The one-word title of the interim report of the Royal Commission into Aged Care Quality and Safety is stark: Neglect. The report is a sobering read for those working in and around the aged care system and details much higher levels of poorly managed continence, malnutrition, overprescribing of psychotropic drugs and actual physical abuse than previously thought. Dental health is bad, wound care is worse, nutrition is abominable.
The report details a litany of problems with the sector, especially workforce problems, but unfortunately a lot of them start when older people and their families first begin to investigate their options for care. Their entry point is My Aged Care, a system that was recommendation of the Productivity Commission's Caring for older Australians inquiry in 2011. The My Aged Care website went live six years ago and the contact centre and client record about four years ago, but according to the commissioners, it is not delivering the vision the Productivity Commission outlined of seamlessly allowing people to navigate the system, and does not seem to be delivering much at all.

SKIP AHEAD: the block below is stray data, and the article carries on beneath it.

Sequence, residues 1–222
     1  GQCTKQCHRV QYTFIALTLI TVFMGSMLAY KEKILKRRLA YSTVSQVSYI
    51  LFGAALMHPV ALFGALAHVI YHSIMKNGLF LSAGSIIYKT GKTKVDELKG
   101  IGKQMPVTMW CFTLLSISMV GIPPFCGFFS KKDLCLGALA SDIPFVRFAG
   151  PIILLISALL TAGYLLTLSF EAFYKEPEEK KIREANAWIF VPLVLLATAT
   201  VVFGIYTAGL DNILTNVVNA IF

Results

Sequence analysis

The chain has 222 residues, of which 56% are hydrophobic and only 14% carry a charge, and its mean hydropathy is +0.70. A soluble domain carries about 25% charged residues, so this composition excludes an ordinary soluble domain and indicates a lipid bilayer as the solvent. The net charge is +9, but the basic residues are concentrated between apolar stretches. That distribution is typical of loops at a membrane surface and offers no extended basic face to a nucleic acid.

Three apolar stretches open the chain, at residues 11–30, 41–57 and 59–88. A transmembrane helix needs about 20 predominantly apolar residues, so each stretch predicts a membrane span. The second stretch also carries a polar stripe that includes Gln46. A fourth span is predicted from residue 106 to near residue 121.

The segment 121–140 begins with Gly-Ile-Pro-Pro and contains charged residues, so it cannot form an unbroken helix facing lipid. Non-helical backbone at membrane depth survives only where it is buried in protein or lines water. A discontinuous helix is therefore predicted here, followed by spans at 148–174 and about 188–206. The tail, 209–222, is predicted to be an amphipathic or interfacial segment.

This week kicked off with a curious story first revealed over the weekend by the Cairns Post, which reported that the two far north Queensland hospital and health services had parted ways with the vendor chosen to roll out the electronic medical record part of the proposed Regional eHealth Project (ReHP).
This project has been on the drawing board since 2012, when Queensland Health got lucky in a bid for funding from the Commonwealth Health and Hospitals Fund (HHF), which was one of three infrastructure investment funds set up in the 2008-9 federal budget to the tune of $22.4 billion. The HHF got $5 billion of that to fund capital investment in health facilities, including for medical technology and equipment.